Claustrophobia  

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Train wreck at Montparnasse (October 22, 1895) by Studio Lévy and Sons.
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Train wreck at Montparnasse (October 22, 1895) by Studio Lévy and Sons.

Claustrophobia is an anxiety disorder that involves the fear of enclosed or confined spaces. Claustrophobes may suffer from panic attacks, or fear of having a panic attack, in situations such as being in elevators, trains, boxes or aircrafts.

Conversely, people who are prone to having panic attacks will often develop claustrophobia. If a panic attack occurs while they are in a confined space, then the claustrophobe fears not being able to escape the situation. Those suffering from claustrophobia might find it difficult to breathe in closed auditoriums, theatres, and elevators. Like many other disorders, claustrophobia can sometimes develop due to a traumatic incident in childhood.

Claustrophobia can be treated in similar ways to other anxiety disorders, with a range of treatments including cognitive behavior therapy and the use of anti-anxiety medication. Hypnosis is an alternative treatment for claustrophobia.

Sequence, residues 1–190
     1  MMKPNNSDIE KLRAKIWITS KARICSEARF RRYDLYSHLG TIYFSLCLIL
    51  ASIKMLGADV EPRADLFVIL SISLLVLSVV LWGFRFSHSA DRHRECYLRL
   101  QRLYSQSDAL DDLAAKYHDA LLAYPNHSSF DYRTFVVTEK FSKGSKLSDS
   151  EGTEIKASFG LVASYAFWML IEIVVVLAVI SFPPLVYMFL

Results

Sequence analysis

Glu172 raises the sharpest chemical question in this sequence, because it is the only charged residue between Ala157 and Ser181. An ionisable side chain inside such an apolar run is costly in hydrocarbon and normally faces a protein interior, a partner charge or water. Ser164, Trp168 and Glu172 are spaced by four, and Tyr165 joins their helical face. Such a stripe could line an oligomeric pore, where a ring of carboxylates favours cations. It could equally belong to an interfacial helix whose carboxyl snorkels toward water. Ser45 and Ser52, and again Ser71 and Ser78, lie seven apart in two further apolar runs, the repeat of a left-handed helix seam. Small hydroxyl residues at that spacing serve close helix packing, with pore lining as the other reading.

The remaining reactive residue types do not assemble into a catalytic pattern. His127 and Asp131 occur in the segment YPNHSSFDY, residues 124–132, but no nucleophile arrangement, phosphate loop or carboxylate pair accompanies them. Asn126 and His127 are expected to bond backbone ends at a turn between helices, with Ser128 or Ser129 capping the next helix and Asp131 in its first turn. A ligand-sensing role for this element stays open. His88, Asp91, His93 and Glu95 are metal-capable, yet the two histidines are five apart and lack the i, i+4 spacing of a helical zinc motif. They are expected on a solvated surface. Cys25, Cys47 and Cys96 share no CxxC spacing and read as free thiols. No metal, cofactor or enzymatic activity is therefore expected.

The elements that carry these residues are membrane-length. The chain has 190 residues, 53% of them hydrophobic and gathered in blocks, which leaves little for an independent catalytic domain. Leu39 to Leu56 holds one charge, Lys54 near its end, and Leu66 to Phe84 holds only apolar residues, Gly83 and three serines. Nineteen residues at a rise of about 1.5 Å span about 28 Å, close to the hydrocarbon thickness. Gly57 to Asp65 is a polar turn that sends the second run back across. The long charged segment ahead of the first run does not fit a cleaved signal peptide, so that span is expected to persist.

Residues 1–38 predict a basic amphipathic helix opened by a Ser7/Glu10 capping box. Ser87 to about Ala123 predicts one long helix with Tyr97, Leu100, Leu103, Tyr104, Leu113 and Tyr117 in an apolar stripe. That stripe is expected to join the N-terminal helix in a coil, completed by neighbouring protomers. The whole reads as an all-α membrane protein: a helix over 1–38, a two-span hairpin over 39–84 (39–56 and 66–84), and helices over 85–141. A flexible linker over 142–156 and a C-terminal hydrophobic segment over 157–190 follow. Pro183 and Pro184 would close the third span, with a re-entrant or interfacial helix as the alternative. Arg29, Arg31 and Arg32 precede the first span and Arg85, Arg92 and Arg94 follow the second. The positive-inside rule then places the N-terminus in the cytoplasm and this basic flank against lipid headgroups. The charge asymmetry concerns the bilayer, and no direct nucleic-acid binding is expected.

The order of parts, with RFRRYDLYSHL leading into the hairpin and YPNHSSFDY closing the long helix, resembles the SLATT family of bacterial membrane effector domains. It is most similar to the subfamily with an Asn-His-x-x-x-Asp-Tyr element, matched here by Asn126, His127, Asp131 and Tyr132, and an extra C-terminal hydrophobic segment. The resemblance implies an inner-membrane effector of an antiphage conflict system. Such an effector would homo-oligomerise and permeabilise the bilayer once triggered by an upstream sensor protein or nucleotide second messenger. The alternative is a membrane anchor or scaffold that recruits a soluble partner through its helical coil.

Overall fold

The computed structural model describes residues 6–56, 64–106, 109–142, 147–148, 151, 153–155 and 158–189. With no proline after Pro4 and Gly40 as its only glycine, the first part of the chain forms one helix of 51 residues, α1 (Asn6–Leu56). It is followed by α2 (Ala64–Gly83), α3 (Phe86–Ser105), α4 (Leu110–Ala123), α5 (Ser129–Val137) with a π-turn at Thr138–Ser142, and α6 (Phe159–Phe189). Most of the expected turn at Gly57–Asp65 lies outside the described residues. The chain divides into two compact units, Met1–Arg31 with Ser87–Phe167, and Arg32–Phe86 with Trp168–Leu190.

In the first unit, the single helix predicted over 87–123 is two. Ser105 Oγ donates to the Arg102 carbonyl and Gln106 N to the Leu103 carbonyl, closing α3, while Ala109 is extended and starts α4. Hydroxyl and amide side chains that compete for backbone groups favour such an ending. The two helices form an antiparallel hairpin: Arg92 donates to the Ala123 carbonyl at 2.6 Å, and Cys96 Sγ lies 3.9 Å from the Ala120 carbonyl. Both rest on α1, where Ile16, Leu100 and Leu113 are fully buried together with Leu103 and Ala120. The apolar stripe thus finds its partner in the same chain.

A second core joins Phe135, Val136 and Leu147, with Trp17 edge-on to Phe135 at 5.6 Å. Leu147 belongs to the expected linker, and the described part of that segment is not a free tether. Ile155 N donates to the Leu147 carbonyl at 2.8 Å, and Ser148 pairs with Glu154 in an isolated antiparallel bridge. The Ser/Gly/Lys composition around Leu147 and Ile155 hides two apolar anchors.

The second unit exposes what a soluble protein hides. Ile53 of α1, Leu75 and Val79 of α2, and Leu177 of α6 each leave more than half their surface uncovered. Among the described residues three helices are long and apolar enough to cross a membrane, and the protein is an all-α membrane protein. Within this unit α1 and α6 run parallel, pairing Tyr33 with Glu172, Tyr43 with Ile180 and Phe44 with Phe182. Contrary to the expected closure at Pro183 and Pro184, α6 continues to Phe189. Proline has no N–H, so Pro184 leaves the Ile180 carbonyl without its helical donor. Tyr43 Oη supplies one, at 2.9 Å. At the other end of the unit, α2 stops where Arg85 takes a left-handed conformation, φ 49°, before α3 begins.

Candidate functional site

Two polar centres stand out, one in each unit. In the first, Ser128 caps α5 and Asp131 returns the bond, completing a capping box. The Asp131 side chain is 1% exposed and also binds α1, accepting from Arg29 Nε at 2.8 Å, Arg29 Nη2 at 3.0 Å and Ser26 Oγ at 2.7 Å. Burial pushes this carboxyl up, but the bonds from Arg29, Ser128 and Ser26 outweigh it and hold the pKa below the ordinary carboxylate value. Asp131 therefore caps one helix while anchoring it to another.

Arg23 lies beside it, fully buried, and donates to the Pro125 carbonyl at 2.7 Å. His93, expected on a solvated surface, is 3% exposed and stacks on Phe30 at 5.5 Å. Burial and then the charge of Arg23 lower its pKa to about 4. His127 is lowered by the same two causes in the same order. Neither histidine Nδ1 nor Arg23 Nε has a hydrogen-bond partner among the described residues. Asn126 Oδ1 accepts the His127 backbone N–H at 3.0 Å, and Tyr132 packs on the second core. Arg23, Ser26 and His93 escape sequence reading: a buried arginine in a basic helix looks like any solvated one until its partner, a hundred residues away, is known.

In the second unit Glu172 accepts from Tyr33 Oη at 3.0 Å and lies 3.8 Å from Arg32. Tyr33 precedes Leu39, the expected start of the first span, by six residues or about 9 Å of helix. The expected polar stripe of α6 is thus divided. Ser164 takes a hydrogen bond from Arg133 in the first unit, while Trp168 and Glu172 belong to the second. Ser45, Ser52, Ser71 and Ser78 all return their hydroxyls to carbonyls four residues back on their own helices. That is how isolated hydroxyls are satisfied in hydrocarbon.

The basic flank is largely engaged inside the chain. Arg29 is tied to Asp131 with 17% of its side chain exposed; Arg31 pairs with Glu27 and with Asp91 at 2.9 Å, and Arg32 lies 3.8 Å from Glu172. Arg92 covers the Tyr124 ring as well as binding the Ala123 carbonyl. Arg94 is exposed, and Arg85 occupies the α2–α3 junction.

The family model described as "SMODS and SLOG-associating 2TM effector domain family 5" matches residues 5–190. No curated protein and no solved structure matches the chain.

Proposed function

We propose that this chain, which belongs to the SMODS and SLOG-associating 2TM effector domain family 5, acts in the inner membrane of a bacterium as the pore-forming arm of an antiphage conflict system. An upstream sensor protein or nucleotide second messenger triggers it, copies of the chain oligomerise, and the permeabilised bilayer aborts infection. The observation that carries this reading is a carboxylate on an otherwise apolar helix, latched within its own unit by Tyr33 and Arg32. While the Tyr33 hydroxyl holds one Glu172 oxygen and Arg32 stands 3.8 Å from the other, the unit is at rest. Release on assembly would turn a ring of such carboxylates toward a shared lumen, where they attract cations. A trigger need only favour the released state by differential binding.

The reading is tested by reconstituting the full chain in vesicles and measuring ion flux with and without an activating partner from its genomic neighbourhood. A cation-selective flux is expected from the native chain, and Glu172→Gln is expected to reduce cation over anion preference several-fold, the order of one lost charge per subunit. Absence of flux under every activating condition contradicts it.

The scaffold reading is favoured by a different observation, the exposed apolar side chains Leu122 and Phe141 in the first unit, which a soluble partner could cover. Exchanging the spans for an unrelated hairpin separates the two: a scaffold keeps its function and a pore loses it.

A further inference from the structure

The name claustrophobia comes from the Latin word claustrum which means "a bolt, a place shut in" and the Greek word phobos meaning "fear".

See also

  • Buried alive
  • Caving, a sport in which practitioners frequently enter enclosed spaces voluntarily




Unless indicated otherwise, the text in this article is either based on Wikipedia article "Claustrophobia" or another language Wikipedia page thereof used under the terms of the GNU Free Documentation License; or on original research by Jahsonic and friends. See Art and Popular Culture's copyright notice.

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